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BEC scammers impersonate CEOs in virtual meetings

The FBI has warned that BEC scammers are using new tactics and are increasingly exploiting virtual meeting platforms to defraud organizations. Scammers use any method, up to deepfakes, to force victims to send money to accounts they own.

Let me remind you that the term BEC attack (Business Email Compromise) usually refers to cases when attackers start correspondence with a company employee in order to gain his trust and convince him to perform actions that harm the interests of the company or its customers.

Often this is done using hacked accounts of the employees themselves or addresses that are visually similar to the official addresses of the company, but differ by a few characters.according to the FBI.

In fact, as part of such attacks, criminals often pretend to be employees (more often we are talking about senior positions) of the company and order to transfer money to the account they need.

Now that the entire world has rethought its approach to online work and moved to remote work due to the ongoing COVID-19 pandemic, scammers have also reconsidered their approach to BEC scam. The FBI reports that between 2019 and 2021, reports of BEC attacks via virtual meeting and meeting platforms skyrocketed.

Although law enforcement does not provide specific figures in their report, they describe three scenarios in which fraudsters use such tools to attack.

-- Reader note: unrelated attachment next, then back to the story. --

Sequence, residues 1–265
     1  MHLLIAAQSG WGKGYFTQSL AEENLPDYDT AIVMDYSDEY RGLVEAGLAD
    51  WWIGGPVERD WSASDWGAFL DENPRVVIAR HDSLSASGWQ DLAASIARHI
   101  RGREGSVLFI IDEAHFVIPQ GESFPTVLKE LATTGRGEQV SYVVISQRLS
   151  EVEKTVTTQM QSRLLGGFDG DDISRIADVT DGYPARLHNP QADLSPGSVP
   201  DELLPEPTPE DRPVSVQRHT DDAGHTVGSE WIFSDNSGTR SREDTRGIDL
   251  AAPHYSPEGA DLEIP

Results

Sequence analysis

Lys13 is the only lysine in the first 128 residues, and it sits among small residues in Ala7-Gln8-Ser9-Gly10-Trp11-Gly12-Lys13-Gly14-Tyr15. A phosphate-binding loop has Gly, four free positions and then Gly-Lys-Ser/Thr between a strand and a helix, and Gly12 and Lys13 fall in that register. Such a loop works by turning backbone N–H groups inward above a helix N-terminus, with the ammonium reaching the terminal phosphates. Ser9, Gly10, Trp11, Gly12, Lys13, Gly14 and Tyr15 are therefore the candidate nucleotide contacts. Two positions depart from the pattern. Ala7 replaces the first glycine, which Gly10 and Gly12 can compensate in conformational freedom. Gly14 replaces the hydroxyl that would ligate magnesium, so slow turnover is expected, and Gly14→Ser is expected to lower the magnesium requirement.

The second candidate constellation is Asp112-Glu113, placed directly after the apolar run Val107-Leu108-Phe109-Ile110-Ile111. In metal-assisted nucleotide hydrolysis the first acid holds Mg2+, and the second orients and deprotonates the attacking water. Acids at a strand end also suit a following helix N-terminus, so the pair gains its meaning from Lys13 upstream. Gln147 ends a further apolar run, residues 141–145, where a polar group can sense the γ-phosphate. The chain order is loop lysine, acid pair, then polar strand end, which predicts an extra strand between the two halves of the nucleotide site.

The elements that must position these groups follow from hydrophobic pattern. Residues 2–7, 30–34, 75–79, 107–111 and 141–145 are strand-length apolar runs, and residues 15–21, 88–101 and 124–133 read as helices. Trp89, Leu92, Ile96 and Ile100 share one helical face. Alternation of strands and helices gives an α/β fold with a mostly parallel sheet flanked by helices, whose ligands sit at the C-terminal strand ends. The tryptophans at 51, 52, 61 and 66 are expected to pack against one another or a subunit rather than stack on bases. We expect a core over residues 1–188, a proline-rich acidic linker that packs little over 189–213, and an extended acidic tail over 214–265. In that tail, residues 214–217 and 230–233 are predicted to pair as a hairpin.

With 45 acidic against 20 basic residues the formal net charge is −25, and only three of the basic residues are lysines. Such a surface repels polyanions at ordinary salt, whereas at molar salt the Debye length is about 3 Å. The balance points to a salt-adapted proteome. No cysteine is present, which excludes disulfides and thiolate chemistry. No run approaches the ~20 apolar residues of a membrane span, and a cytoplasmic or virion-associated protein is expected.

1. Attackers compromise the mail of the head or financial director. A hacked mailbox sends employees a request to participate in a virtual conference, where the perpetrators insert a still image of the CEO with no sound or use an audio deepfake to fake the voice, claiming that the video or audio is not working properly. Then, via chat, they instruct employees to start transferring funds or send such an “order” in a follow-up email.
  2. Attackers can compromise of mail of ordinary employees, after which hackers get the opportunity to attend virtual meetings to collect information about the day-to-day operations of the company.
  3. The classic compromise of the mail, for example, of the general director, with sending fake letters from this address to employees. On behalf of the CEO, the hackers instruct the victims to initiate the transfer of funds, as the CEO himself is supposedly busy in a virtual meeting and unable to do so on his computer.
The FBI reminds that you need to remain vigilant in any situation, and urges you to be more careful about virtual platforms for meetings and meetings, because these tools have clearly taken root in many corporate work environments and will continue to be actively used after the end of the pandemic.

Let me remind you that we talked about Twitter Hacking Hearing Held At Zoom And Interrupted By Porn Videos, and also that Data from 500000 Zoom accounts are sold on hacker forums.

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Daniel Zimmermann

Daniel Zimmermann has been writing on security and malware subjects for many years and has been working in the security industry for over 10 years. Daniel was educated at the Saarland University in Saarbrücken, Germany and currently lives in New York.

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